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Winnipeg Blue Bombers' quarterback Alex Brink reacts after losing their CFL football game to the Calgary Stampeders in Calgary, Alberta, November 5, 2011. REUTERS/Todd Korol (Todd Korol/Reuters)
Winnipeg Blue Bombers' quarterback Alex Brink reacts after losing their CFL football game to the Calgary Stampeders in Calgary, Alberta, November 5, 2011. REUTERS/Todd Korol (Todd Korol/Reuters)

The Usual Suspects

TSN refusing to push CFL envelope Add to ...

It was a Gary Bettman dream. Five teams tied at 10-7 heading into the final weekend. Sweet parity in the CFL. But when it ended with Montreal throwing up a white flag on the West Coast to the resurgent B.C. Lions, we had a Peggy Lee moment. Is that all there is?

For all the algorithmic possibilities of the final weekend’s log jam, there was a curious dissatisfaction in the CFL regular season just ended. And no, not because the Toronto Argonauts face-planted again or the Saskatchewan Roughriders turned back into a pumpkin. In a season chock full of record-setting performances by Anthony Calvillo, the regular season still lacked an overarching story.

B.C. got a new stadium and executed Lazarus in shoulder pads. Two young quarterbacks (Travis Lulay, Drew Tate) may have stepped forward. But across the league there was a void in star power. It seemed like most teams were just keeping it together with bailing wire and masking tape. Hamilton was 8-10 and everyone – everyone – was unsatisfied. Ditto Winnipeg. Calgary. Montreal. Attendance seemed acceptable if not lusty (available seats in Montreal?), and did we say there’s a new stadium in B.C.?

Even when attendance in the CFL plateaus, you can count on television numbers to reflect a healthy interest in three-down football. But when we asked, the CFL and TSN both politely declined to reveal the season’s TV ratings until this week. Usually you want to trumpet success, but since when has the CFL ever acted like all those other guys?

Or maybe it’s TSN’s presentation of the CFL that’s got stale. If it weren’t for the gentle ministrations (and paycheques) of TSN, heaven knows where the league might be today. It gave the CFL a big-league feel. But many of the features that elevated the league and its TV product have been around for a few seasons without much change. The panel schtick. Kick For A Million. Glen Suitor’s spotlight on the military. Those interminable sideline close-ups that get truly cringe-worthy around the 20-second mark.

Watching the game-day presentation often seemed a throwback, not a way forward. Why?

Having TSN as exclusive broadcast partner was a financial success for the CFL. But part of this season’s malaise may have been TSN’s monopoly status. With no competition to turn to, fans can get complacent with the same-old. Matt Dunigan raising his voice louder or new animation does not always constitute value-added. You can’t go to another channel, as you can with the NFL, when you tire of, say, Rod Black saying, “He almost had that one in his mitts.” Even the best marriages need the occasional weekend off.

TSN couldn’t turn the CFL’s watery content into wine in the 2011 regular season. No doubt the postseason – ending with a game in B.C.’s NEW STADIUM – will provide lots of vintage moments for TSN. But it could and should look at freshening the product for next season. Spotlight upcoming football stars in Canadian Interuniversity Sport and the National Collegiate Athletic Association. Get Cabby into the dressing rooms. A new set. Maybe a retired hockey enforcer (someone has to talk Leafs during the off-season). It’s time.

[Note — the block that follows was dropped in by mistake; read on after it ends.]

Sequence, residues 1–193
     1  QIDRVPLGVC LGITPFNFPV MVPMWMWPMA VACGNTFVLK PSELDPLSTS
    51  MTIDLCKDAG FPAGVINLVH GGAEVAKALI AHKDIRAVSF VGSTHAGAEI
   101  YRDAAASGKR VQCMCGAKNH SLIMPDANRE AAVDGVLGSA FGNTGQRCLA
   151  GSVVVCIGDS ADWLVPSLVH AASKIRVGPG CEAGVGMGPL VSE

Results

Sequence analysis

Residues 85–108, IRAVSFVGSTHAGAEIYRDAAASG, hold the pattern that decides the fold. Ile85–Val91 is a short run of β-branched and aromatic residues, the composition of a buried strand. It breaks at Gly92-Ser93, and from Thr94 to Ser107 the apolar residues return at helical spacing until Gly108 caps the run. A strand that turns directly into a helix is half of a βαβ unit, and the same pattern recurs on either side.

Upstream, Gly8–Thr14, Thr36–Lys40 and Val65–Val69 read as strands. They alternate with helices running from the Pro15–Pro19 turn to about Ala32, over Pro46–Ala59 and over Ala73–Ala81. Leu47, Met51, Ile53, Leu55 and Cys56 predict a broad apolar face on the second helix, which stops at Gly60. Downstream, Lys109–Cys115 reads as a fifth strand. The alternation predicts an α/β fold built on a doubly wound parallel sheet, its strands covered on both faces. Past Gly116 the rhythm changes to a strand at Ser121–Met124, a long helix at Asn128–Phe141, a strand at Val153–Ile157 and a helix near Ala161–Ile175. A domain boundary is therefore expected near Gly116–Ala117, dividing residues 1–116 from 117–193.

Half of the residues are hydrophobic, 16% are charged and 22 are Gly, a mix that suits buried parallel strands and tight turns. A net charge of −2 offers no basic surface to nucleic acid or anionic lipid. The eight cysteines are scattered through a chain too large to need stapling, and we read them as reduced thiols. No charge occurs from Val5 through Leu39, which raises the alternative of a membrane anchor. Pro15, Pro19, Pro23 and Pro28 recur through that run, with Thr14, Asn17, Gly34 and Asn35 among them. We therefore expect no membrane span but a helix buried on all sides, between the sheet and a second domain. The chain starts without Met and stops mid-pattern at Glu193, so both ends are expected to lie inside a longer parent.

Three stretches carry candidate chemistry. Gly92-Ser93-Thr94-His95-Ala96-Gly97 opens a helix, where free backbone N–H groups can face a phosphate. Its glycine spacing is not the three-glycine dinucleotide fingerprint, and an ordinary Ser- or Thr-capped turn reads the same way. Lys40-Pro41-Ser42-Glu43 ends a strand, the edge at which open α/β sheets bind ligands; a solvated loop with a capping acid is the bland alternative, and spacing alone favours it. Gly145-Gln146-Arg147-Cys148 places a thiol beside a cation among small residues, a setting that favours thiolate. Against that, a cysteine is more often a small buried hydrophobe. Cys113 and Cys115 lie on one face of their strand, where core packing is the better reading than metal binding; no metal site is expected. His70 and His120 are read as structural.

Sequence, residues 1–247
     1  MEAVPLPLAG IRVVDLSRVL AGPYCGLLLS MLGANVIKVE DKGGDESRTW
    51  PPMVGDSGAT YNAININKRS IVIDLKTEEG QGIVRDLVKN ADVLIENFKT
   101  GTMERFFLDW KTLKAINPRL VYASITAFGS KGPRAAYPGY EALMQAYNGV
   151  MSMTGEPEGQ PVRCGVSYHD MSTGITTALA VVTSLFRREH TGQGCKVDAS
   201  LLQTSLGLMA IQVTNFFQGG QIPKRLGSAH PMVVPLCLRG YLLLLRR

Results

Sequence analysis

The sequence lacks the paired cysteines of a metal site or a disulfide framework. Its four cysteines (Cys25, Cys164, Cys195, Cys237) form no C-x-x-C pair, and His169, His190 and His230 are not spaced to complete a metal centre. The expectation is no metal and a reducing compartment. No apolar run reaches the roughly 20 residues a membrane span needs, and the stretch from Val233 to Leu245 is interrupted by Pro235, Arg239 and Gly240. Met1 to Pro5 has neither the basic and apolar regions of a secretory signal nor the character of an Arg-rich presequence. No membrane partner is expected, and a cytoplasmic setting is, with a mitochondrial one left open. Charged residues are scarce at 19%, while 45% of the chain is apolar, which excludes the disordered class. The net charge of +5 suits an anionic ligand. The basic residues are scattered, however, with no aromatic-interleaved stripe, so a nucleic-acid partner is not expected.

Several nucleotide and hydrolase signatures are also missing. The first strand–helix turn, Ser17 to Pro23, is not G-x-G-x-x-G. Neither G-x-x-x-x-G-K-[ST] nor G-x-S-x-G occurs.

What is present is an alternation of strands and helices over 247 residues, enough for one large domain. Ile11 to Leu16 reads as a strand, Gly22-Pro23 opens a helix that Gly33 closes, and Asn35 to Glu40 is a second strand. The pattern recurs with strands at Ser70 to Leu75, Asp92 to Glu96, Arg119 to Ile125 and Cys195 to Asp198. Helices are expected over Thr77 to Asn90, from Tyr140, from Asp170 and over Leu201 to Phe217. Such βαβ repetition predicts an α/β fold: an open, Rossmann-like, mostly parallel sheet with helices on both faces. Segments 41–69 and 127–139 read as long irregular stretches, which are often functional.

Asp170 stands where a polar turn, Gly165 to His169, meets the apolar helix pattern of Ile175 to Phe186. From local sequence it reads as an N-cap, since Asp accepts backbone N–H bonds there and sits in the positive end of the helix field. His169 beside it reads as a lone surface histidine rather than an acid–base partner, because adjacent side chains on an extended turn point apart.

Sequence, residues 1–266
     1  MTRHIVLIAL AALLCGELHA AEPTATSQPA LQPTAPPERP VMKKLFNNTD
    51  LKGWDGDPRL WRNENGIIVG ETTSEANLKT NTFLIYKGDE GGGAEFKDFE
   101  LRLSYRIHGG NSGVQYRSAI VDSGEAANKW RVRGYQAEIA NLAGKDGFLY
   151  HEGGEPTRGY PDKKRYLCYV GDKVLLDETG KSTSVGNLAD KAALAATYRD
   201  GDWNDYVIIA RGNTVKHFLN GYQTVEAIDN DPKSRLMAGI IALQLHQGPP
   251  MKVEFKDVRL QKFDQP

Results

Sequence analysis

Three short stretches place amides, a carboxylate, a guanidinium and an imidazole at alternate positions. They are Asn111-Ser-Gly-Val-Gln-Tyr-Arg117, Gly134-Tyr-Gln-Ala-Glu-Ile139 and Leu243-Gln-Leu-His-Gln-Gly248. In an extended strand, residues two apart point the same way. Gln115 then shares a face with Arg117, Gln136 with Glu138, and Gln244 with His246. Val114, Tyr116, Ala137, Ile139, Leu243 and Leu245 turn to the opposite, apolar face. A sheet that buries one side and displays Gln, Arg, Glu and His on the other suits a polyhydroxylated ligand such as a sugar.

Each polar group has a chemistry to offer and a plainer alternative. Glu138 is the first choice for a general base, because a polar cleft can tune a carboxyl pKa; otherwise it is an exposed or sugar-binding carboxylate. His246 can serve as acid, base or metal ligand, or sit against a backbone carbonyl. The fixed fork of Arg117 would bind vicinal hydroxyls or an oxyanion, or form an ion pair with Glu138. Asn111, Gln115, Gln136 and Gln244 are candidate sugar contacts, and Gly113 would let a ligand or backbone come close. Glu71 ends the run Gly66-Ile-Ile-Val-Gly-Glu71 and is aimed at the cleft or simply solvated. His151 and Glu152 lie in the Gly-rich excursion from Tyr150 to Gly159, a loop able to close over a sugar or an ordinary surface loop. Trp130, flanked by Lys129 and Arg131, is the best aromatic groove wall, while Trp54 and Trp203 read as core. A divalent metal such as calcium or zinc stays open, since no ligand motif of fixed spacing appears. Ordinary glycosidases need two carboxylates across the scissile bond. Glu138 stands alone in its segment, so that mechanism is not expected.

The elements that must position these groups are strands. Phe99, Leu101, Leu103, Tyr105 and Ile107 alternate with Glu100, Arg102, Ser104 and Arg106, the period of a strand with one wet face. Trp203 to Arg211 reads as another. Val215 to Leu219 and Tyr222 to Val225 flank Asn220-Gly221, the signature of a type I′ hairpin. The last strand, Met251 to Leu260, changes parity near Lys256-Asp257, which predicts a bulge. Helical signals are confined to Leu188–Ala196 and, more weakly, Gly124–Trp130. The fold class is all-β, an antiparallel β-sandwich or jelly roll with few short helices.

How you remind me

Typical of CFL’s stale aroma. While the league celebrates this week having Nickelback play at the Grey Cup game, fans of the Detroit Lions are petitioning to get the Alberta rockers off the Thanksgiving Day menu for their annual game. “I’d rather drink bleach than listen to Nickelback,” blogged on Motown fan.

Talking hockey

Part of the NHL’s belated European media rollout this week was a series of NHL websites in the native languages of hockey’s other nationalities. You can see for yourself. There are the Czech, Finnish, German, Russian, Slovak and Swedish sites where fans can follow their local heroes. For a drinking game, try reading the Slovak site and take a drink every time Zdeno Chara is mentioned. Then check yourself into the Betty Ford Clinic.

The NHL says it’s still working on its French language website. Sources say it wants to spend the extra time on this one in particular to make sure it gets the best possible product instead of rushing it out just to time it with season’s start. “We wanted to get it right,” we were told. Not that anyone in Quebec would ever complain about a little language issue.

Candid caddy

Someone needs to prompt Steve Williams, ex-caddy for Tiger Woods, on the nuances of off the record and on the record. As in, when you suggest shoving something up Woods’s “black arsehole” at an off-the-record gathering it is not likely to remain off the record for very long. In Shanghai, Williams made the comment about celebrating his first post-Tiger win at some caddy clambake, and immediately everyone forgot about Raffi Torres impersonating Jay-Z.

It’s hard to imagine which is more ludicrous: Williams assuming he’d be granted the cloak of silence for his Woods vituperation or Tiger actually becoming a sympathetic figure for, say, a minute. For the record, Williams’s current employer Adam Scott thinks it was all in good fun and plans to move on. We’ll see how he feels when his sponsors get him on the phone.

Tip your waitress

Finally, signs of the apocalypse. (Iron) Mike Ditka making Kim Kardashian jokes on the Fox pregame show.

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